Everyone loves the idea of a bright, white smile. But over time, your diet and oral habits can stain and discolor your teeth, making you feel embarrassed by your smile. That’s why many people often try teeth whitening home remedies. At Southeast Family Dental, we’ve written about one such home remedy—banana peels—in the past. But here we go again! We’ve come across yet another folk cure to whiten your teeth—activated charcoal.
Now, I know what you’re thinking. Charcoal? But this isn’t the same type of charcoal you use in your barbeque grill. This is the charcoal that hospitals use as a treatment for food and other poisonings.
If you can not see the embedded video above please use the following link: Activated Charcoal – Weird Way to Whiten Teeth
Here’s how one would whiten their teeth with the activated charcoal:
- Take an old toothbrush and wet it with water. Then place the toothbrush on toilet paper or a paper towel.
- Open a capsule of activated charcoal and dump the charcoal onto the bristles of the toothbrush.
- Carefully bring the toothbrush to your mouth and brush your teeth in gentle circular motions for about 3 to 5 minutes.
- Once you are finished brushing, carefully spit the charcoal into a cup for easier cleanup.
This process can look a little scary and is quite messy. The charcoal can stain clothing, shoes, tile, grout and other surfaces.
Dental and Medical Concerns with Using Activated Charcoal for Teeth Whitening
Brushing with activated charcoal helps to absorb the bacteria, toxins, and possibly stains from your teeth to make them whiter. However, the dentists at Southeast Family Dental want to warn you about the possible long-term effects that brushing with activated charcoal can have to your teeth:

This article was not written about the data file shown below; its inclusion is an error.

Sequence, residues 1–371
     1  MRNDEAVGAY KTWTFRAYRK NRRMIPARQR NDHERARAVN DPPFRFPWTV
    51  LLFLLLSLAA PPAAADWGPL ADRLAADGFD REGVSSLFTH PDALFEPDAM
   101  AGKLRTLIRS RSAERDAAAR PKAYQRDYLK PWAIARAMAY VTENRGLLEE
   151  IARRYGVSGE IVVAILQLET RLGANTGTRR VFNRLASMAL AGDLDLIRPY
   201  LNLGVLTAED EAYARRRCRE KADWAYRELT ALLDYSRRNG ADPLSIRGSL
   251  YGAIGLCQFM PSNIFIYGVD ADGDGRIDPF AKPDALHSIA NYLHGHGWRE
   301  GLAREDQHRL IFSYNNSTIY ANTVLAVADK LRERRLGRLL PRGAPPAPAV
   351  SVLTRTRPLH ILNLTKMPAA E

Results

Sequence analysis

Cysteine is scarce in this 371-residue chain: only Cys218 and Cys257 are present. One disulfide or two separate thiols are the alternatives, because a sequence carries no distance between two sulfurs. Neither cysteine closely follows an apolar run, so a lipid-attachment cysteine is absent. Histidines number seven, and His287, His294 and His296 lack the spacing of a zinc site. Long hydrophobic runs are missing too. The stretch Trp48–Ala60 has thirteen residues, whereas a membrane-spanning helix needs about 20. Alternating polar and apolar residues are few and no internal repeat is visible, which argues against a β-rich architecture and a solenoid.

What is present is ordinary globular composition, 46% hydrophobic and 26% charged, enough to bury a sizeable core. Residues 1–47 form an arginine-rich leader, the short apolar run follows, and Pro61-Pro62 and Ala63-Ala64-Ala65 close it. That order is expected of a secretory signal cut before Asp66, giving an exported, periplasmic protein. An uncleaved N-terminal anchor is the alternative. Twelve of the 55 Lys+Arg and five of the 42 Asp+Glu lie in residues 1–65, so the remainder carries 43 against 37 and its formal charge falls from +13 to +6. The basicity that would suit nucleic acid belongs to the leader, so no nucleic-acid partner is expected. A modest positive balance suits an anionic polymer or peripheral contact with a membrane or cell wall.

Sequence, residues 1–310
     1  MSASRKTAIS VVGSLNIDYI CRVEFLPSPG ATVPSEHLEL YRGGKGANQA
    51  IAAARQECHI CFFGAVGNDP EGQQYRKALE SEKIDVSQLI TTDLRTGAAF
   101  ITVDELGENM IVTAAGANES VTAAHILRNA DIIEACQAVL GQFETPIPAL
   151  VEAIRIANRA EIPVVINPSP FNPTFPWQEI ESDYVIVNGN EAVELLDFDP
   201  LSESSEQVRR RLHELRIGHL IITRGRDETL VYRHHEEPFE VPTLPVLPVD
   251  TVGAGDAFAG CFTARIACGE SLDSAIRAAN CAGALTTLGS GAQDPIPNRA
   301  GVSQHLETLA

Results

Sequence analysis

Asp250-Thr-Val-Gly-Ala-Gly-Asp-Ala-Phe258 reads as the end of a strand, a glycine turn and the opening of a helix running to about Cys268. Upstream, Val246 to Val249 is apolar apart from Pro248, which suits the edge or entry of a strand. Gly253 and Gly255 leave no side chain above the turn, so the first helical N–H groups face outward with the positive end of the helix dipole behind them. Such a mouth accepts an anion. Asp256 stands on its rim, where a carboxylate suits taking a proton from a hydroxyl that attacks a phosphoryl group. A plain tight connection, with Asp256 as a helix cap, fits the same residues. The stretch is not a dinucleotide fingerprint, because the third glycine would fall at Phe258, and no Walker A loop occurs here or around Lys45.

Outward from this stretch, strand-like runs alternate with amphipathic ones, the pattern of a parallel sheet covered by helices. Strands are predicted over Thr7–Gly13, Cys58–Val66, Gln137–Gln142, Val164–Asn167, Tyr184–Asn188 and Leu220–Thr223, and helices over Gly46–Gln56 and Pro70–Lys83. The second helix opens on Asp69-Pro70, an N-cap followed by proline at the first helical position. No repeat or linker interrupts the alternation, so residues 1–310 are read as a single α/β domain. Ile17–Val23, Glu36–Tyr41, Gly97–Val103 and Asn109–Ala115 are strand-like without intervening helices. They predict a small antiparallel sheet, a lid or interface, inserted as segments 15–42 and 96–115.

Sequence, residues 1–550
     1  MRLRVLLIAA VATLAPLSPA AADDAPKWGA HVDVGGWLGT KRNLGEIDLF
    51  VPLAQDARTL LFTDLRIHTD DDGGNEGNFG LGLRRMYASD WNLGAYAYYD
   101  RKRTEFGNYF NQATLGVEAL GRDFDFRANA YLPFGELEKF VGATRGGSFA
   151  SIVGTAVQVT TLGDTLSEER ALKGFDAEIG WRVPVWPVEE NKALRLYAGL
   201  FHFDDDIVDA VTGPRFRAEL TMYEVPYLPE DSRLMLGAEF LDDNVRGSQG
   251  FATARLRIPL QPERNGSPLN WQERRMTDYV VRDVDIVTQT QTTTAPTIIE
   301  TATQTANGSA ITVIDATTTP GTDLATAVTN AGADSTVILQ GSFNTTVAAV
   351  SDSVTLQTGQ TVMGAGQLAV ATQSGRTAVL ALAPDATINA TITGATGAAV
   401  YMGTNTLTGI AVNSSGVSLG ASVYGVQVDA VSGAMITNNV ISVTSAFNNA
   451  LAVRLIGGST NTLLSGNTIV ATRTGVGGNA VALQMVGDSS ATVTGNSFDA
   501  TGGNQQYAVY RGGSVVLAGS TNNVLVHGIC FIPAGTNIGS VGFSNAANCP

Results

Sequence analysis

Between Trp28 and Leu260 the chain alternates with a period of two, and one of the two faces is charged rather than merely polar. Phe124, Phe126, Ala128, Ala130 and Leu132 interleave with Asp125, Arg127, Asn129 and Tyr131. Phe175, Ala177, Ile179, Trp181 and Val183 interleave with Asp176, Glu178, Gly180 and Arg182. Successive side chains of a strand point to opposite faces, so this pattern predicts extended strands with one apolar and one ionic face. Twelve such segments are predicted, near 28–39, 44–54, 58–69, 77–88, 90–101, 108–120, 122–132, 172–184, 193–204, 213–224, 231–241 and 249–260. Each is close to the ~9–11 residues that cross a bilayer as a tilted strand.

- The degree of abrasiveness of activated charcoal is unknown, but it may cause your tooth enamel to become susceptible to deterioration and erosion. Once tooth enamel loss occurs, you can get cavities or have tooth sensitivity.
- The charcoal may seep through your tooth enamel and into the dentin, which impacts the color of your teeth. Your teeth may become stained or blotchy from charcoal use.
Additionally, activated charcoal is associated with several medical risks, per WebMD, such as:
- Drug interactions that reduce or prevent the absorption of certain drugs.
- Electrolyte imbalances when used with drugs for constipation.
- Blocked or reduced absorption of certain nutrients in foods.
- Side effects like black stools, black tongue, vomiting, diarrhea, dehydration, and/or constipation.
- Gastrointestinal blockages in more serious cases.
Therefore, the doctors at Southeast Family Dental recommoned that our patients who are interested in whitening their teeth, contact us at 317-359-8000 to schedule a consultation appointment. At that time, our team will discuss the various teeth whitening options that are available here in the office or for at home use. If there are any other cosmetic concerns we would be happy to discuss at that time.